Andy Wells
Andy Wells5 months ago
Normal plasma (left sample) and lipemic plasma (right two samples).

Normal plasma (left sample) and lipemic plasma (right two samples).

These are sample of hyperlipidemic blood in a vacutainer with EDTA left to settle for four hours without centrifugation, the lipids separated into the top fraction. Hyperlipidemia is abnormally elevated levels of any or all lipids or lipoproteins in the blood. These fats include cholesterol and triglycerides. You can control some of its causes, but not all of them. Hyperlipidemia is treatable, but it's often a life-long condition. Hyperlipidemias are divided into primary and secondary subtypes. Primary hyperlipidemia is usually due to genetic causes (such as a mutation in a receptor protein), while secondary hyperlipidemia arises due to other underlying causes such as diabetes. Lipid and lipoprotein abnormalities are common in the general population and are regarded as modifiable risk factors for cardiovascular disease due to their influence on atherosclerosis. In addition, some forms may predispose to acute pancreatitis. Atherosclerosis is the accumulation of lipids, cholesterol, calcium, fibrous plaques within the artery walls of the heart. This accumulation narrows the blood vessel and reduce blood flow and oxygen to muscles of the heart. Complete blockage of the artery causes infarction of the myocardial cells, known as heart attack or myocardial infarction. The buildup can also cause a blood clot to form. If a blood clot breaks off and travels to the heart, it causes a heart attack. If it goes to the brain, it can cause a stroke. source: IGmedicalpedia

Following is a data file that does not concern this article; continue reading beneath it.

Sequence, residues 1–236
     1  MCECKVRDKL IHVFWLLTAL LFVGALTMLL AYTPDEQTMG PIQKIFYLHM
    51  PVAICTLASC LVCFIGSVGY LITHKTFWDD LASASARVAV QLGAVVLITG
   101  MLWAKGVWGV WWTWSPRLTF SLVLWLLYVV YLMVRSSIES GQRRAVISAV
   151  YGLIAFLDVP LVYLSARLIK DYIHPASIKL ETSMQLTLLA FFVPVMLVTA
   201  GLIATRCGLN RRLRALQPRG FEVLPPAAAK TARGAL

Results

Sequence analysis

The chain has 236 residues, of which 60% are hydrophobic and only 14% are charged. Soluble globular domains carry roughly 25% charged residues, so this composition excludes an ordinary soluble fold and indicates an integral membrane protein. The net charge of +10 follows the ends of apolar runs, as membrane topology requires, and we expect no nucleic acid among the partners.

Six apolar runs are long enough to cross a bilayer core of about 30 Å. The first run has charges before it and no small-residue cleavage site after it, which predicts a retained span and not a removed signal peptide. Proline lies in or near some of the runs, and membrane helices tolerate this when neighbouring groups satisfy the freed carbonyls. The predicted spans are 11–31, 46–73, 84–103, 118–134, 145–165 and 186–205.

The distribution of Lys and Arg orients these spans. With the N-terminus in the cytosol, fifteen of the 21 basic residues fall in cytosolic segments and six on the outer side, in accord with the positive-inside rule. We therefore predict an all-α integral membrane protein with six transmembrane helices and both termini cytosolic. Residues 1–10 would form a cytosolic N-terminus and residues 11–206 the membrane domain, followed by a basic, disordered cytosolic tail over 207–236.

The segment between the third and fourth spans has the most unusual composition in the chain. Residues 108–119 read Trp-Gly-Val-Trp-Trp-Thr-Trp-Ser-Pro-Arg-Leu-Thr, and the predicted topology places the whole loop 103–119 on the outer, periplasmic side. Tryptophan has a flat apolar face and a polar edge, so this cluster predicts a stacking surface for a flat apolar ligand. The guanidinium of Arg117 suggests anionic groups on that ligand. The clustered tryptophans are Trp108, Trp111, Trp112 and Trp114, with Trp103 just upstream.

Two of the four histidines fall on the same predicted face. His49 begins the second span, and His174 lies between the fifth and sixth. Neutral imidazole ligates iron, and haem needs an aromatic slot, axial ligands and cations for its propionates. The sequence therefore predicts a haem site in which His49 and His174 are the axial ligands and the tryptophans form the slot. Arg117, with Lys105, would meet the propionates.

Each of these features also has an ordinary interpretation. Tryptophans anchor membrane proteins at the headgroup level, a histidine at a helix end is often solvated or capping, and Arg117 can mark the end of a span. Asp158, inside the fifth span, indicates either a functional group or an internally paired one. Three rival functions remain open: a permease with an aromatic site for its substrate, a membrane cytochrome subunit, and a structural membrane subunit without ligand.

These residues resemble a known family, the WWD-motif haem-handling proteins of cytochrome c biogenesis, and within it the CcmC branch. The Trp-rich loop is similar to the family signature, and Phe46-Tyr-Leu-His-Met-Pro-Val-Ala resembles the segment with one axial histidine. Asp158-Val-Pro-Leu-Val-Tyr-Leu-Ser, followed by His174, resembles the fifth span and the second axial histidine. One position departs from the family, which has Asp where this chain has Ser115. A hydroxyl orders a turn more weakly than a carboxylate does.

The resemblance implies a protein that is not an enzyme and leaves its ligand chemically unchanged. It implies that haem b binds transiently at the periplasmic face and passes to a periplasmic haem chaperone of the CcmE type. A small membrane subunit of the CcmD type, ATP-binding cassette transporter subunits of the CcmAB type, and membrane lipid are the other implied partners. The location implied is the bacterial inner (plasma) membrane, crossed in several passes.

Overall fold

Top rated comment

These tubes do not contain EDTA. They are serum separater tubes, which separated the serum from the whole blood after centrafugation.

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